7:09 AM Quotes

Just like with Shooting Star’s meteoric rise, my admission to Juilliard—if it happens—will create certain complications, or, more accurately, would compound the complications that have already cropped up in the last few months.

Related Characters: Mia Hall (speaker), Adam Wilde
Page Number: 7
Explanation and Analysis:
On the morning of a snow day off from school, Mia's Dad points out a photo of Adam, Mia's boyfriend, in the newspaper. Adam is part of a local band, Shooting Star, that is quickly gaining popularity in the area. In this quote, seeing Adam and his success reminds Mia of some upcoming changes and choices in her life: if she is accepted to the prestigious Juilliard School in New York City, in order to pursue classical cello, she and Adam will have to decide whether to stay together or whether to break up due to the distance. Since Adam's entire band and fan base is in the Pacific Northwest, there is no chance of him joining her in New York City. Although the admissions decision has not yet arrived, the prospect of a change has already caused strain on Adam and Mia's relationship in the last few months. Though the cello is one of the most important things in her life, so is her relationship with Adam. Throughout the novel, Mia is frequently concerned about having to choose the cello over Adam, or the other way around, and often grapples with the pros and cons of moving to NYC, or remaining in Oregon with her family and Adam.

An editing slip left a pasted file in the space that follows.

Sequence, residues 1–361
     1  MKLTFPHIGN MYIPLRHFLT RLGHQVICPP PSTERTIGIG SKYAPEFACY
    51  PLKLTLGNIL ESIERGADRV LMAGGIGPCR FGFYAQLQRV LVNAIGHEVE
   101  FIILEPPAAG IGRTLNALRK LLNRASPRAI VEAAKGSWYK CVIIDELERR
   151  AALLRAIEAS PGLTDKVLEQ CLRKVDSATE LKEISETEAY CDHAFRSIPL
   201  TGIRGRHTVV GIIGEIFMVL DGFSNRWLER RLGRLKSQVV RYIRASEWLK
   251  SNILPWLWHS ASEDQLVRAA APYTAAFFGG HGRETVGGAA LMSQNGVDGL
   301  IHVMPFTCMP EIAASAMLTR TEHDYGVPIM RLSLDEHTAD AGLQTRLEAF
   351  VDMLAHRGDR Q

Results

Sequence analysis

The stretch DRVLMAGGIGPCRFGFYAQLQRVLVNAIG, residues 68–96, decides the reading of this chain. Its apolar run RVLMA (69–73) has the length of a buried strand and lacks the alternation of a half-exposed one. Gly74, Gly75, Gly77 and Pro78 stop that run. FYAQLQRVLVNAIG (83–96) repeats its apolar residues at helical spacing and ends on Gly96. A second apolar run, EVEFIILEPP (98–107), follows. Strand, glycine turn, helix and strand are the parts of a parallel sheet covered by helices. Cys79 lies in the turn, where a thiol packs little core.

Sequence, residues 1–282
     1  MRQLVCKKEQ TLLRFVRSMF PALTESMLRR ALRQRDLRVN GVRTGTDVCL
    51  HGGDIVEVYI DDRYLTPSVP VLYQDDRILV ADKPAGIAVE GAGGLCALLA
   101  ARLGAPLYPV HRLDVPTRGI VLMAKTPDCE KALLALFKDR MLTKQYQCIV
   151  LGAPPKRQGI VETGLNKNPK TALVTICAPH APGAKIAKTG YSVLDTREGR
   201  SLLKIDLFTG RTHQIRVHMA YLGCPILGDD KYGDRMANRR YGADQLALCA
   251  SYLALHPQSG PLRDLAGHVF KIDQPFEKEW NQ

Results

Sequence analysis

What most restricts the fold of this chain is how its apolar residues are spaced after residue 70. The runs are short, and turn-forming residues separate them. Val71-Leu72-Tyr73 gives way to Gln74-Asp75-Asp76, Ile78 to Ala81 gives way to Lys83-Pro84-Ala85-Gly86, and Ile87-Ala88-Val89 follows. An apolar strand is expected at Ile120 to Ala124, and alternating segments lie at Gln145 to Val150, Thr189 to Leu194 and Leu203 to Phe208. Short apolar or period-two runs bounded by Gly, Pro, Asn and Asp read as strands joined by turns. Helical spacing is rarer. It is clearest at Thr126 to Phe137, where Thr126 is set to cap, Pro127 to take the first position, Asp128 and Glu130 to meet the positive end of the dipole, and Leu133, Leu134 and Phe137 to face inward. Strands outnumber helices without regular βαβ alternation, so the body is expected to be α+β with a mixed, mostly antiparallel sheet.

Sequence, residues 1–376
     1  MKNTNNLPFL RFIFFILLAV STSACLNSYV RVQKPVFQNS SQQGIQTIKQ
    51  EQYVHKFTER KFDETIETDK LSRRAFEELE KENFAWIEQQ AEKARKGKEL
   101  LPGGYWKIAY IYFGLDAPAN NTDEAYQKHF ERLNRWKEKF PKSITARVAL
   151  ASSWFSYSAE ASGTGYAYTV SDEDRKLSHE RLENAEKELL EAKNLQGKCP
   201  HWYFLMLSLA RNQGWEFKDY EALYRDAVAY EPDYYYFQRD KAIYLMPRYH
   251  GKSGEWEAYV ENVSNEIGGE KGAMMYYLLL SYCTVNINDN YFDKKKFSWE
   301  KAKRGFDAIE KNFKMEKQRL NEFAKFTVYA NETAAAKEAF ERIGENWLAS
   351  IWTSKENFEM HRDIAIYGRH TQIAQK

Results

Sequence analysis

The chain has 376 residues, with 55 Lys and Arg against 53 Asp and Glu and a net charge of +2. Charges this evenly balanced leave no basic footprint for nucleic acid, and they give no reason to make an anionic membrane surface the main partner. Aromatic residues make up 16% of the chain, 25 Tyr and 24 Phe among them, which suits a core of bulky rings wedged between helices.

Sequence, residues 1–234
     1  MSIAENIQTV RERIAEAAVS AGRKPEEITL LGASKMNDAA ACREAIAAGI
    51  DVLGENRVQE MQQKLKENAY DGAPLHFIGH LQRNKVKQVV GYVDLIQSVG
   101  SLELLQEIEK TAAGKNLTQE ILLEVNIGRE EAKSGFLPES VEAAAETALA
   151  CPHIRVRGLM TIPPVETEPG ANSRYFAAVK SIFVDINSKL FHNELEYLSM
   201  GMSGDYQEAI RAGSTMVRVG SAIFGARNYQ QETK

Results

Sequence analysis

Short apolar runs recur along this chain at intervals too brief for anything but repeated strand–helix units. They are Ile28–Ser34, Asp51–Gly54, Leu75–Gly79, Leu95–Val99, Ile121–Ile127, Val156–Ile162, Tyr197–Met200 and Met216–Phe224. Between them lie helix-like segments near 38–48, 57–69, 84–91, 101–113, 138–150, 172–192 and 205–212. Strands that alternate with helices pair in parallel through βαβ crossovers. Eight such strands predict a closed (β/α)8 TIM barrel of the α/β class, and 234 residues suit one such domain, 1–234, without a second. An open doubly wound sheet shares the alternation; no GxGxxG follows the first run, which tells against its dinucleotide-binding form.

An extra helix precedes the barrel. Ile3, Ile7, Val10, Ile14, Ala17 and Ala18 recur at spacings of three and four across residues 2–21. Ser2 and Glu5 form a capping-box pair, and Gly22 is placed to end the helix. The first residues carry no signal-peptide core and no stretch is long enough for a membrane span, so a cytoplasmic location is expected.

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I know it’s silly but I have always wondered if Dad is disappointed that I didn’t become a rock chick. I’d meant to. Then, in third grade, I’d wandered over to the cello in music class—it looked almost human to me. It looked like if you played it, it would tell you secrets, so I started playing. It’s been almost ten years now and I haven’t stopped.

Related Characters: Mia Hall (speaker), Denny Hall (Dad)
Related Symbols: The Cello, Punk Rock and Classical Music
Page Number: 8
Explanation and Analysis: